In March 1964, Simon and Kirby’s Captain America was also incorporated into Marvel, Kirby approving Lee’s idea of partially remaking the characters as a man out of his time and regretting the death of his partner. The suit returned almost exactly as it had been 23 years before. Last year, Captain America made $368,608,363 at the box office as Kirby’s suit stepped, again almost unchanged close to 70 years after the day it was designed on the back of Chris Evans.

In 1968 and 1969, Joe Simon was involved in litigation with Marvel Comics over the ownership of Captain America, initiated by Marvel after Simon registered the copyright renewal for Captain America in his own name. According to Simon, Kirby agreed to support the company in the litigation and, as part of a deal Kirby made with publisher Martin Goodman, signed over to Marvel any rights he might have had to the character.

Kirby continued to push the industries boundaries, devising photo collage covers and interiors reminiscent of ’80s artists in England playing with sellotape and photocopiers. Developing new drawing techniques such as the method of depicting energy fields known as ‘Kirbydots’ and other experiments. Able to handle high detail, explosive composition, emotion, perspective, conceptualisation and design – it was Kirby’s sense of scale that blows many artists away. Alien engines dwarf figures in certain panels, coils, springs and rivets collected together in such ways that they seem to be an optical illusion. Perspective twists in some of his environments such as Mr Fantastic’s lab in a way that somehow bends the eye. Many generations of artists have dismissed Kirby as dated or unsophisticated until presented with his depictions of machinery and the Silver Surfer.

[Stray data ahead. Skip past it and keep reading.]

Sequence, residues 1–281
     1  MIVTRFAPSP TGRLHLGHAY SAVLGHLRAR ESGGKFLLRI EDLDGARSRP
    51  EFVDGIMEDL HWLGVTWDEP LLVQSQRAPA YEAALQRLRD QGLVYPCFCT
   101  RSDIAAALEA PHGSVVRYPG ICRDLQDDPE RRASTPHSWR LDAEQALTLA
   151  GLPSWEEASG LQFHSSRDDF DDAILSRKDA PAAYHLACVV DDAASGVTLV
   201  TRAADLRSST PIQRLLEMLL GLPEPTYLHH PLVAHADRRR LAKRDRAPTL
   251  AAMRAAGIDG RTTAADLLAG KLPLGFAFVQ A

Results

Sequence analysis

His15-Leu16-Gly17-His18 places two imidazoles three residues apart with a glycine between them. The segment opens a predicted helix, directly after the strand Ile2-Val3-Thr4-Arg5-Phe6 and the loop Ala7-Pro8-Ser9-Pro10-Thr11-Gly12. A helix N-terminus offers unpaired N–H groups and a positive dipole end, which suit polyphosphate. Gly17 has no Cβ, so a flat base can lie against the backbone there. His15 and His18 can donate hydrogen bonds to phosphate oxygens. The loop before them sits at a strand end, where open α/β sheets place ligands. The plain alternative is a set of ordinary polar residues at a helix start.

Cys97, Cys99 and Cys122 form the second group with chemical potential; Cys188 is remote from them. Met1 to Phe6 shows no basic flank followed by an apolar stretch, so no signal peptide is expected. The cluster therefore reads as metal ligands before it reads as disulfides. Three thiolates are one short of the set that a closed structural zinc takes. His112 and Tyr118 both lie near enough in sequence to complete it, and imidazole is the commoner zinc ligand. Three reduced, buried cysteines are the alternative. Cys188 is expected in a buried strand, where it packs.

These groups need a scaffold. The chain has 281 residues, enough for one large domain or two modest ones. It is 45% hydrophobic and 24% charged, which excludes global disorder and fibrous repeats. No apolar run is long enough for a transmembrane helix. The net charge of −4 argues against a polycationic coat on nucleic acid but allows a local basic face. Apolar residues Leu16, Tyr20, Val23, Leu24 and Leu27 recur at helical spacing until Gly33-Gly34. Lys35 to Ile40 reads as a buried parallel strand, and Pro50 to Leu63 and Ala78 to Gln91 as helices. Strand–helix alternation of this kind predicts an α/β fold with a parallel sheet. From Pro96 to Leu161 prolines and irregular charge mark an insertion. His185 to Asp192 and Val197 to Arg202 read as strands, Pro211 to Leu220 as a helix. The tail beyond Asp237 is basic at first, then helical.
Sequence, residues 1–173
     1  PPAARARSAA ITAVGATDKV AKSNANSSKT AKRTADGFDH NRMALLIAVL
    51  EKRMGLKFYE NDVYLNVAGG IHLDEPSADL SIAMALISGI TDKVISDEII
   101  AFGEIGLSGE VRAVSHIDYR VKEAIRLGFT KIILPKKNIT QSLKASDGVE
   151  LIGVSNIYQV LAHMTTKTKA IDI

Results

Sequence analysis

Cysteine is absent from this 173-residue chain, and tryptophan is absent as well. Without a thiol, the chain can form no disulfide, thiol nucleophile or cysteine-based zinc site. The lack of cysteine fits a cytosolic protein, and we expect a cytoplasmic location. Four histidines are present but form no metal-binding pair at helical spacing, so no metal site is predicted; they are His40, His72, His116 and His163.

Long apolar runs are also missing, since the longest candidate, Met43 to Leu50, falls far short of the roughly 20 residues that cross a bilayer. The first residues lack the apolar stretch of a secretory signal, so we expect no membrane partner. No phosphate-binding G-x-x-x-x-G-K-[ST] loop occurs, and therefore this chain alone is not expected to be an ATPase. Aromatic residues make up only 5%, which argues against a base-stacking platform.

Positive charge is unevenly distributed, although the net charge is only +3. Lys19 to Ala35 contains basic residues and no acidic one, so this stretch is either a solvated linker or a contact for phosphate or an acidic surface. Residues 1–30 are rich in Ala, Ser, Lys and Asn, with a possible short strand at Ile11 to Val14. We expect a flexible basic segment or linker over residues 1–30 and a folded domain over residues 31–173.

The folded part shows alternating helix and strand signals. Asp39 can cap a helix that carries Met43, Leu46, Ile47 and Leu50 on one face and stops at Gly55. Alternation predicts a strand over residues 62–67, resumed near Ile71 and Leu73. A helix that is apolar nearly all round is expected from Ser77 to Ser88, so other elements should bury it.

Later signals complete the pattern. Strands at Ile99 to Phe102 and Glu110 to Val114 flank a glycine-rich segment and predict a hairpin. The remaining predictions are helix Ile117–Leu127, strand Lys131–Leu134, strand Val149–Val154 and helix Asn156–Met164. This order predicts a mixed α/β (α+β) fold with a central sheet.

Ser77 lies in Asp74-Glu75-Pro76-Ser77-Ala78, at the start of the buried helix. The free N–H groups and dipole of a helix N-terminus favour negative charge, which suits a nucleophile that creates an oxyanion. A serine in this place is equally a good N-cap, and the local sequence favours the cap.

A character of incredible simplicity, divinity and … just … cool. The concept of a humanoid riding the waves of space at incredible speeds highlights the natural beauty and associations with divine advancement incorporating the universe around it and the increased simplicity it brings. But none of that is said. But all of it is inherent. A perfectly formed, universally accessible character made even more interesting by Stan Lee by being a good man acting as herald to a being of unimaginable power. Again, the genius of the character is that it is a perfect template that can be adapted into anyone’s style. Much like any Kirby character you can mention. The simplicity and intuitive details he applies are often so universal that they are only more interesting with each new reinterpretation. While Iron Man had to inevitably change as technology developed, Thor still carries the same Hammer and wears the same white riveted top, Captain America still has his Red, White and Blue, the star on his chest and the skull cap design applied to him in the newest incarnation, the Ultimates, by Bryan Hitch is a throwback to Kirby’s original design, Hulk remains Green (as he was in his second appearance) and even had a Grey countenance as Peter David’s Joe Fixit in the ’90s – a nod to the original design. Black Panther, Magneto, The Inhumans and Attilan have also only ever been refined – never redesigned. This is the testament to the lasting influence of Kirby. Even the X-Men have retained the yellow and blue of their original uniforms for more than 45 years. Somehow Kirby just knew. Wiser than the rest of us what he put down on paper worked and generations of artists have never cracked how to improve on his original designs.